Smoothie lovers, step away from the frozen strawberries. A recent bout of Hepatitis A infections has been linked to a Virginia-based smoothie chain utilizing the frosty fruit. Over 50 residents in five different states have been infected after consuming drinks from Tropical Smoothie Café locations, and the outbreak has been connected to the frozen strawberries from Egypt used at a number of the shops.
According to the Centers for Disease Control and Prevention, 44 Virginia residents as well as visitors from Maryland, North Carolina, Oregon, and Wisconsin have already fallen ill, and more are possibly yet to be confirmed. "While Tropical Smoothie Café has removed the frozen strawberries from their restaurants and switched to another supplier, we may still see more illnesses due to the long incubation period for Hepatitis A before people start experiencing symptoms," warns a spokesperson from the CDC.
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The symptoms of Hepatitis A—which may include fatigue, nausea, vomiting, fever, and more—typically take 15 to 50 days to become apparent, making outbreaks of the virus harder to identify. After the potential outbreak was discovered in early August, Virginia officials alerted the smoothie café of the concern, but didn't make the issue public until two weeks later following their investigation.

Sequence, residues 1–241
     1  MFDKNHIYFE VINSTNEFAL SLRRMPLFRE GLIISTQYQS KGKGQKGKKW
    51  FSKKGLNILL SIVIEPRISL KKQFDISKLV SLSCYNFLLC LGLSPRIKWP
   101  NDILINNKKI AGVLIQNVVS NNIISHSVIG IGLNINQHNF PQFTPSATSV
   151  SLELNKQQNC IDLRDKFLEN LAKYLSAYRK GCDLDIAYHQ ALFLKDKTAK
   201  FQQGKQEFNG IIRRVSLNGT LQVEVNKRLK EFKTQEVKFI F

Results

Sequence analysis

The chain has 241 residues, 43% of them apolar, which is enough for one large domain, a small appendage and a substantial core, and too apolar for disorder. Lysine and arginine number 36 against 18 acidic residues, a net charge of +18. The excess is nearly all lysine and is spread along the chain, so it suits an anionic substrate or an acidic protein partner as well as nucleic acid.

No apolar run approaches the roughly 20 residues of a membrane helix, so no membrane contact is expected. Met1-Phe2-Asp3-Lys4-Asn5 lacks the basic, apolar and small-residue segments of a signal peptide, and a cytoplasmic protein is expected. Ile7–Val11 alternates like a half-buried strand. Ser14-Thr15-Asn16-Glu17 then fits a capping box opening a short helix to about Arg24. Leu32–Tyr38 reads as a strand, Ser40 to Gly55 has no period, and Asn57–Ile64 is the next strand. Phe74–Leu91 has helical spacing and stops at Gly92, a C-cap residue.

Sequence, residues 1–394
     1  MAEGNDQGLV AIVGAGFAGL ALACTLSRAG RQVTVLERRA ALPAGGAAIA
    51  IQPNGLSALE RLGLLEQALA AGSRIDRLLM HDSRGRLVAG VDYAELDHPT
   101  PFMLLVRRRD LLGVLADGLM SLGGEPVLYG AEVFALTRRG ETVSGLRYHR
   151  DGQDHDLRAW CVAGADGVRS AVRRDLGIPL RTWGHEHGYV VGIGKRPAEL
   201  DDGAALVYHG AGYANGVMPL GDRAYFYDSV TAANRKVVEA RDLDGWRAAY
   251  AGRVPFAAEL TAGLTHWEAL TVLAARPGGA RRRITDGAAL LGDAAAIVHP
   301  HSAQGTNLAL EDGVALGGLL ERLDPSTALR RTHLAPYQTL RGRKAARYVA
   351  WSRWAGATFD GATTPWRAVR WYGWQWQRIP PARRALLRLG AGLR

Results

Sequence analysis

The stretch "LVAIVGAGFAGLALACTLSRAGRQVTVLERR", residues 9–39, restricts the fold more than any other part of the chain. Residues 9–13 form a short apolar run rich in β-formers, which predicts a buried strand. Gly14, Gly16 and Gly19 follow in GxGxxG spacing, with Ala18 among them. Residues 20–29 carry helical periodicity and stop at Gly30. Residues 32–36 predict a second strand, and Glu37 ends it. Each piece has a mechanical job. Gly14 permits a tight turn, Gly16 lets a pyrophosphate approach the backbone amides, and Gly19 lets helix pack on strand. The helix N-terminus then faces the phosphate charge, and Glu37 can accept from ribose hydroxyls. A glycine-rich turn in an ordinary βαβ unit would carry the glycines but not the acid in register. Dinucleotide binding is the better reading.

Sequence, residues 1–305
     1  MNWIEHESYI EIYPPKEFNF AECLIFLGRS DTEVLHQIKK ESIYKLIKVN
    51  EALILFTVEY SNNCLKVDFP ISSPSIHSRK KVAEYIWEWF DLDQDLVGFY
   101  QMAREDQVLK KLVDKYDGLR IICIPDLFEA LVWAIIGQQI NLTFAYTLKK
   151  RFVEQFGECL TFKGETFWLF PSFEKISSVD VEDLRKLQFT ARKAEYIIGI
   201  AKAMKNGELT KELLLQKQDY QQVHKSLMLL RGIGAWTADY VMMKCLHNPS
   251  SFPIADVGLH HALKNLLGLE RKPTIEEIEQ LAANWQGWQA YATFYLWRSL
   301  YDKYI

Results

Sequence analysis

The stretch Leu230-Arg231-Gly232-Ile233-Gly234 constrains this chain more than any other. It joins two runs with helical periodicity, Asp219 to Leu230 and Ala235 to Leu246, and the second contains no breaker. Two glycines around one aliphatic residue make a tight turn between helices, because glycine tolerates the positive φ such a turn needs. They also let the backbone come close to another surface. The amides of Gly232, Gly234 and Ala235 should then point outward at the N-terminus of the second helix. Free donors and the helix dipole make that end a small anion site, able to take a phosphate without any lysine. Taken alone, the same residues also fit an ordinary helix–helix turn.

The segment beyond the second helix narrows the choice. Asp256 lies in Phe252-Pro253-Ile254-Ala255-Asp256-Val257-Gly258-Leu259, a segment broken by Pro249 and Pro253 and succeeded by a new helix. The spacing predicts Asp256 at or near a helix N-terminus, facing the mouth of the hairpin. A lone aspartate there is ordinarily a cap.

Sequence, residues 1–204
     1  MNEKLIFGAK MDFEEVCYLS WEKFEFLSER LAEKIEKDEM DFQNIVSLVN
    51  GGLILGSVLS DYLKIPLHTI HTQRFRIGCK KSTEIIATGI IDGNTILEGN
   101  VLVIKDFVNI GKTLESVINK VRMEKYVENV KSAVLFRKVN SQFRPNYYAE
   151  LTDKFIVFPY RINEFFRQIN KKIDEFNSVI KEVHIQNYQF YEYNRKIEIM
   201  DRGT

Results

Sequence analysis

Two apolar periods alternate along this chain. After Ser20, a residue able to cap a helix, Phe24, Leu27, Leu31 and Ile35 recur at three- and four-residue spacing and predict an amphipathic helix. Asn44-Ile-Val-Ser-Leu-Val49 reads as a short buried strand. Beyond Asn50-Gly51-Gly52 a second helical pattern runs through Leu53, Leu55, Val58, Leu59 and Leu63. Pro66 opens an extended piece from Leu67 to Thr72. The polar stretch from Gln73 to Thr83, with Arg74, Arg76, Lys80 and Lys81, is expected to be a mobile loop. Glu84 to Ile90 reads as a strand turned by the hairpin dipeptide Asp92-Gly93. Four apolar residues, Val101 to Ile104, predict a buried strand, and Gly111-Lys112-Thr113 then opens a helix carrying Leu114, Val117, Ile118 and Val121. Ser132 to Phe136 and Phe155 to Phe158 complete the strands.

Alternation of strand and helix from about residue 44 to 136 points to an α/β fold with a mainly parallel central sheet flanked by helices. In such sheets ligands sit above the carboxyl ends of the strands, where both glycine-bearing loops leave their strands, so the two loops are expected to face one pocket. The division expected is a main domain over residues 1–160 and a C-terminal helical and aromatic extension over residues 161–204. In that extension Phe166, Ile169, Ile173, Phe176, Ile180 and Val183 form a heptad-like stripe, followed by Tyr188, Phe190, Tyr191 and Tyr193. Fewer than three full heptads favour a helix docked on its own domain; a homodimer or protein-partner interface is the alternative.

Though Virginia officials say they delayed notifying the public in order "to determine with enough scientific certainty what the risk to the public was so we could understand the risk and communicate it accurately," some have criticized this delay, as the post-exposure Hepatitis A vaccine is only effective up to 14 days after exposure. However, Diane Woolard, director of the health department's surveillance and investigation division says this delay as necessary to gather enough "information to feel confident that the source was strawberries and not other fruits, especially since smoothies contain so many ingredients."
According to Tropical Smoothie Café CEO Mike Rotondo, the chain immediately ceased serving the tainted strawberries after getting notice from the Virginia Department of Health on August 5th—however, reported illnesses due to the outbreak have dated back to May.
Now, the Virginia health department has urged those who have consumed a smoothie from any area restaurant recently to monitor themselves for signs of Hepatitis A, and "seek medical care and take steps to protect others from the infection." It is important to get immediate medical attention, as Hepatitis A can be transmitted through direct contact with another person. Those who suspect they might have contracted the virus have been encouraged to stay home from work—especially if they work in the food services—and, just to be safe, steer clear of fruity blended drinks for the time being.